A three point Colts win was all that separated a Delaware bettor from a $100,000 win, but that was spoiled by the Eagles come from behind win on Monday Night Football.
At halftime, it sure looked like Delaware would have to payout a $100,000 prize to one gambler. The unnamed bettor had picked 14 out of 15 games as of Monday night, and only needed the Colts to win by a field goal to collect his massive payday.
“It definitely looked like Delaware had a winner when the Colts were up by 14 midway through the third quarter,” said Delaware Lottery Director Vernon Kirk. “Then to have the Eagles rally like that – and to win in the last three seconds of the game – it was agonizing to watch when you knew one player was so close to such a big payout.”
Philadelphia trailed 17-6 at halftime, but thanks to a pair of turnovers by the Colts, the Eagles were able to mount a comeback and won 30-27.
There were 4,500 $5 parlay cards purchased for week two of the NFL season. The odds against a winner selecting all 15 games correctly are 32,000 to 1.
Delaware Finance Secretary Tom Cook said the $5 parlay card is a very popular wager among the state’s sports betting offerings. “With so many people only a game or two away so often, we’re pretty sure someone is going to win the $100,000 again soon. It’s just a matter of who and when.“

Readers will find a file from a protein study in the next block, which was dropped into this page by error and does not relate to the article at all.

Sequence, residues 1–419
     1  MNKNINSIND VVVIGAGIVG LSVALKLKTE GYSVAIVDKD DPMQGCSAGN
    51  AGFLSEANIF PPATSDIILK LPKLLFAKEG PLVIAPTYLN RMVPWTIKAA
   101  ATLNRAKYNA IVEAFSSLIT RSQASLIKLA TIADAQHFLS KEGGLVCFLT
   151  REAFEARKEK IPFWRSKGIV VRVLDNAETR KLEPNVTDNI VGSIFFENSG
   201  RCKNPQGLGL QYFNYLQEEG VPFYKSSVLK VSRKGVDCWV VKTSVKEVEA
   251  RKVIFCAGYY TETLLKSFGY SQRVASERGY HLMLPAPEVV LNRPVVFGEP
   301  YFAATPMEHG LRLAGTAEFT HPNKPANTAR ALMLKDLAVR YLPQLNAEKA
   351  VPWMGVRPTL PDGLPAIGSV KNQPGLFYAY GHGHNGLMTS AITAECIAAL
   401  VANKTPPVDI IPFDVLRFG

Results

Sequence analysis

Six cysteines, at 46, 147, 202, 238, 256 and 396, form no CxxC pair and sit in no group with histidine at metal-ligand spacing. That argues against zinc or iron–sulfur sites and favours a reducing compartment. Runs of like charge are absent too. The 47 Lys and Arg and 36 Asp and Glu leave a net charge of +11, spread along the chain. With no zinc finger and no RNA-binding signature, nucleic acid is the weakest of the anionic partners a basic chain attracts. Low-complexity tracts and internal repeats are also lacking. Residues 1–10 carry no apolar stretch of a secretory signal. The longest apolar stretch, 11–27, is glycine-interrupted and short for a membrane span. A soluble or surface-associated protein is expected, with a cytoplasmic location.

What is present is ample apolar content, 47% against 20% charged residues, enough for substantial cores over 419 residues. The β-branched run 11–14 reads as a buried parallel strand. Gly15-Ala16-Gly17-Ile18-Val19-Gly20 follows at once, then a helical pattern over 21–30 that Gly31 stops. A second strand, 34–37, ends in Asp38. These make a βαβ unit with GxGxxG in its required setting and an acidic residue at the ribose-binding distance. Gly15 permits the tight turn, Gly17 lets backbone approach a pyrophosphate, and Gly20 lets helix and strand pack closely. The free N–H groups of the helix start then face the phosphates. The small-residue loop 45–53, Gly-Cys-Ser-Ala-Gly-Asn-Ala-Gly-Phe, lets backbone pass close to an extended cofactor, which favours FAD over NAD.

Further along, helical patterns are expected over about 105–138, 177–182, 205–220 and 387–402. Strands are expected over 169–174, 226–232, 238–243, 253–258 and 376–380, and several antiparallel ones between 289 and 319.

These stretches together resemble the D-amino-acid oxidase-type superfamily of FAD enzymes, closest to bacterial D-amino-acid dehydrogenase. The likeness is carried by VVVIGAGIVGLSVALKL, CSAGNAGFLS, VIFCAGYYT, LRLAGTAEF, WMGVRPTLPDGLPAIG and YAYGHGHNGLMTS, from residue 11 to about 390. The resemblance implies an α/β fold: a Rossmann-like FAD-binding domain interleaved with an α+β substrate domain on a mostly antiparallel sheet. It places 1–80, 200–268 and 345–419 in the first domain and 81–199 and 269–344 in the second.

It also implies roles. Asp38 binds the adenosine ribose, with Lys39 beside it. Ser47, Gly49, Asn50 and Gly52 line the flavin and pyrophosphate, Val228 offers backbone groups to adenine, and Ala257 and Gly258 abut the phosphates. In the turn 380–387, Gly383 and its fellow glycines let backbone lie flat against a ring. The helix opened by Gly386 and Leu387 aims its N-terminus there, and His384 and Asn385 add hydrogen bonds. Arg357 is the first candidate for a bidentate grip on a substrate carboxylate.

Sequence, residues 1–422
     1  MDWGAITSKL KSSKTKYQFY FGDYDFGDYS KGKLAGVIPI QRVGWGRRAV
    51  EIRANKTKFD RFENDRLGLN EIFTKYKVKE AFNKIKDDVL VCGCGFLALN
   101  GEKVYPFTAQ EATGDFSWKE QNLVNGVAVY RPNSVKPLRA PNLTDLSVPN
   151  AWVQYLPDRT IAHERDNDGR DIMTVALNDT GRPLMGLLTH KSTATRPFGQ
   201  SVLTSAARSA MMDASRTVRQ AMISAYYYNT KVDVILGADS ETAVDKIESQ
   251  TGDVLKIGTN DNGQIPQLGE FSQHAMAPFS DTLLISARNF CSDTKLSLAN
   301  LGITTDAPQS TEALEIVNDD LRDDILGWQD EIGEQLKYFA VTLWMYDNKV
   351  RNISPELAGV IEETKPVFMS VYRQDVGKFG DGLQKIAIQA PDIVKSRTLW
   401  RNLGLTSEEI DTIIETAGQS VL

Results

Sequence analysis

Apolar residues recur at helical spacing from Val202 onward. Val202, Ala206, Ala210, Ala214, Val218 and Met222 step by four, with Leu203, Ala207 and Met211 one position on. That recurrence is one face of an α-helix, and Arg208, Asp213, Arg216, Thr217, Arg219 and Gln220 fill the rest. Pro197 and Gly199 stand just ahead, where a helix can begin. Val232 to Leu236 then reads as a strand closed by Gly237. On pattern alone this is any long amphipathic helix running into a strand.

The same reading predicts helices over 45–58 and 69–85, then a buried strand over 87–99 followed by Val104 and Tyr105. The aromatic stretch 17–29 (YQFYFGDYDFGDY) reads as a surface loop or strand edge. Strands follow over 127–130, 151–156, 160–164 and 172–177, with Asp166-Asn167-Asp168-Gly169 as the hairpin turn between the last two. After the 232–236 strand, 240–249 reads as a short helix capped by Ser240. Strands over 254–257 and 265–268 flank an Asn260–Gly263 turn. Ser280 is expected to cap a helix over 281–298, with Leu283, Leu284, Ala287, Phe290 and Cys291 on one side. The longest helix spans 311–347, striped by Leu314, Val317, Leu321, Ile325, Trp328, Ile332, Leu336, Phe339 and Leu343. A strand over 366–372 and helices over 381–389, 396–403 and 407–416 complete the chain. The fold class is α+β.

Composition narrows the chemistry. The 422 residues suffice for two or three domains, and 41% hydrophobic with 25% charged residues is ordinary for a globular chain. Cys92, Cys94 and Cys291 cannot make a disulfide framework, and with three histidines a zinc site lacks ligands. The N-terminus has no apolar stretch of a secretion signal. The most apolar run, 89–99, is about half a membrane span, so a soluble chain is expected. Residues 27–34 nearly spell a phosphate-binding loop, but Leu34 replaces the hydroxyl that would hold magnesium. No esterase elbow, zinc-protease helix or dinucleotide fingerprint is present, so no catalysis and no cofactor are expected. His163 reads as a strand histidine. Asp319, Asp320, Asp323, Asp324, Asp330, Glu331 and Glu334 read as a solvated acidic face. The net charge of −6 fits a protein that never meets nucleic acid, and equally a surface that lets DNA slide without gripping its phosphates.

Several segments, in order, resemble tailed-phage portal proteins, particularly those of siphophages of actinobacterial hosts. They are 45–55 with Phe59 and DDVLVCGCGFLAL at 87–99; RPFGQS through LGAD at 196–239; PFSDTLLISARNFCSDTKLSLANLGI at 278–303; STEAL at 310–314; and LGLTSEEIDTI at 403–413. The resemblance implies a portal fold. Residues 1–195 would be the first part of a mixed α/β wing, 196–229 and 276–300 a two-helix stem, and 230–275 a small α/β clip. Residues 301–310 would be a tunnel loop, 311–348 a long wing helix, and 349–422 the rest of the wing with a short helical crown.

In 2011, a football fan from Camden won the $100,000 prize, thanks in part to an Eagles’ win over Washington.
Sports betting has been on the rise in Delaware. Nearly 1.3 million wagers were made during the 2013 NFL season, with a total of $13 million played. That resulted in about $900,000 in commission for retailers, nearly double the numbers from the 2012 season. That year, there were more than 638,000 wagers totalling $6.3 million played. Retail commissions for 2012 were approximately $605,000.
Delaware could be facing competition for those sports betting dollars from New Jersey after Gov. Chris Christie’s directive to allow sports betting at casinos and racetracks. A court challenge by professional and collegiate sports leagues is possible — but Christie is relying on the state attorney general’s finding that the move is legal.